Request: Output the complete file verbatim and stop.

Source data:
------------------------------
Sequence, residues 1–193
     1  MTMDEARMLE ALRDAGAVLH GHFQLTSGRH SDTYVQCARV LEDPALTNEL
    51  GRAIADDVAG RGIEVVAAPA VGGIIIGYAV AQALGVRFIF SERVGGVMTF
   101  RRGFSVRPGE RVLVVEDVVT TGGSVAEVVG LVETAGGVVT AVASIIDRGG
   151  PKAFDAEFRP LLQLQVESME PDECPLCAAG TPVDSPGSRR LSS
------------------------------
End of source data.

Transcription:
Sequence, residues 1–193
     1  MTMDEARMLE ALRDAGAVLH GHFQLTSGRH SDTYVQCARV LEDPALTNEL
    51  GRAIADDVAG RGIEVVAAPA VGGIIIGYAV AQALGVRFIF SERVGGVMTF
   101  RRGFSVRPGE RVLVVEDVVT TGGSVAEVVG LVETAGGVVT AVASIIDRGG
   151  PKAFDAEFRP LLQLQVESME PDECPLCAAG TPVDSPGSRR LSS